Living room ponderings . . .

Sitting in my living room thinking about what to write. Later today I will go back to my old neighborhood and grill out with dearest friends.  We will eat watermelon and corn-on-the-cob.  I will bring the broccoli casserole.  Kids in the swimming pool and me with my bug repellant.  We will raise our glasses and offer a prayer of thanksgiving, careful to include the men and women who lived and died for our freedom to do so.  We will tell stories, laugh holding our stomachs, and let the tears come for the passage of time and God’s faithfulness. There will be no shortage of hugs or grace.  This will be our Memorial Day.

Still, in this moment, my to do list reminds me I’ve not yet written a blog for May.  Looking for inspiration, I flip through my journal and land on a quote from Ronald Rolheiser’s The Holy Longing:  The Search for a Christian Spirituality . . .

“To be a saint is to be fueled by gratitude, nothing more and nothing less.”

Gratitude.  This inspires me.  And the notion that we’re to be fueled by it? It’s the gas that keeps our engines running?  What about when we’re running on empty?  Mere fumes?  And there’s that sputtering, choking sound that threatens to land us in the emergency lane, hazard lights flashing.  What then?

There are times we can’t feel the “grateful” inside, or the thank-full.  Our circumstances come down hard.  Anguish weighs heavy and sadness saturates the soul.  I have known this.  I have seen it, tasted it’s bitterness.  Conclusion:  Not fun.  Get a new vehicle.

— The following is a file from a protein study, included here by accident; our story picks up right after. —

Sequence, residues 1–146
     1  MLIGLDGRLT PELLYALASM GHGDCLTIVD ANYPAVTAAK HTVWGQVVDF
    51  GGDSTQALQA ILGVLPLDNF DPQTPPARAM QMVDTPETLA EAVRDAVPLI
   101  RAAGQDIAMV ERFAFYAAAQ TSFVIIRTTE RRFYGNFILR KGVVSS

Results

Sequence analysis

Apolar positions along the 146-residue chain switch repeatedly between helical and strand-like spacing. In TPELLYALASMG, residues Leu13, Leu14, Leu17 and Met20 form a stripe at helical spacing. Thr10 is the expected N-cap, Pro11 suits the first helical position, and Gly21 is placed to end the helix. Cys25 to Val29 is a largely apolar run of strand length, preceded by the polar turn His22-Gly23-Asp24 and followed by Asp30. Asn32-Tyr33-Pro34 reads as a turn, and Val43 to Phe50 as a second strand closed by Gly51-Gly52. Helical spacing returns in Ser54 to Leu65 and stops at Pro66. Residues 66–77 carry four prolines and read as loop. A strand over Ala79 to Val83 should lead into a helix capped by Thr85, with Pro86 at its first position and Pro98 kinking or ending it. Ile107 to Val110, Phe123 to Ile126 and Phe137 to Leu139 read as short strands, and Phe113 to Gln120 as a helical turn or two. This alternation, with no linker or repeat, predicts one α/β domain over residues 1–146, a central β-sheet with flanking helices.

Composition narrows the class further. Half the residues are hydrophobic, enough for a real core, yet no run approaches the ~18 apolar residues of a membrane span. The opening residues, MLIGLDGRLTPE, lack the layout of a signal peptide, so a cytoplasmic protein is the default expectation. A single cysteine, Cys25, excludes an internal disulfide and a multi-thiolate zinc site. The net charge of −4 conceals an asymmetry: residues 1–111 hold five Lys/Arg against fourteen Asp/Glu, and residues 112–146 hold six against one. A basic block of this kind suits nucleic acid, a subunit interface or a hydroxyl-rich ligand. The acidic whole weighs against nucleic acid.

But then, and this just in time, our God Who Sees sends a word of encouragement . . . through a friend, a brother, an embrace, a song, a Truth told.  And that love, that Love extended is golden.  Hope rises again.  And, yes, even gratitude. 

If it is as Brennan Manning said, “The foremost quality of a trusting disciple is gratefulness,” I want to practice this, get good at it.  Top it off and go through the car wash.

Application:  Next time you’re driving down the road and the gas light comes on, almost empty, get to the nearest gas station and fill’er up!

CAUTION:  This may be costly, but it’ll get you where you need to go and you may even look back to find a row of cars following behind you:) 

I think if Jesus were here, and I believe He is, He’d flash us a big grin saying, “Come join the caravan!  I promise I won’t steer you wrong.”

Headin’ down the Highway with you,

Cheri

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